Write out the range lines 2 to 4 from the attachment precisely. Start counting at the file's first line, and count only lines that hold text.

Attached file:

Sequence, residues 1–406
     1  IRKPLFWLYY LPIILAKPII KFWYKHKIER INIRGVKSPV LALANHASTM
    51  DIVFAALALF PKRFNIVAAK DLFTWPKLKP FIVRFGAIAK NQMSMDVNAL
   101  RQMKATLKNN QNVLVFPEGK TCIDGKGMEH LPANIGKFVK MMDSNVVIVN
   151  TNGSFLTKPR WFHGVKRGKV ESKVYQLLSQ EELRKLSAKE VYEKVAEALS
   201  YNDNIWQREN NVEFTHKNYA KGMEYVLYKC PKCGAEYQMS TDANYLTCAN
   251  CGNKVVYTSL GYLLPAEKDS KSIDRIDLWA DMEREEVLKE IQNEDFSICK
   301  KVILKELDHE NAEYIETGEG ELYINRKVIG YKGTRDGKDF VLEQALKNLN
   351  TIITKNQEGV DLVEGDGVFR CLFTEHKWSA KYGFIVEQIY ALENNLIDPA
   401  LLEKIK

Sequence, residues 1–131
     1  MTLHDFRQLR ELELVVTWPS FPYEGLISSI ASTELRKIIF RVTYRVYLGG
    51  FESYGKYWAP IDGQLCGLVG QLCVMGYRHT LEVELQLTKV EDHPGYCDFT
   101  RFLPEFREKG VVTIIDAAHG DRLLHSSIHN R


     1  IRKPLFWLYY LPIILAKPII KFWYKHKIER INIRGVKSPV LALANHASTM
    51  DIVFAALALF PKRFNIVAAK DLFTWPKLKP FIVRFGAIAK NQMSMDVNAL
   101  RQMKATLKNN QNVLVFPEGK TCIDGKGMEH LPANIGKFVK MMDSNVVIVN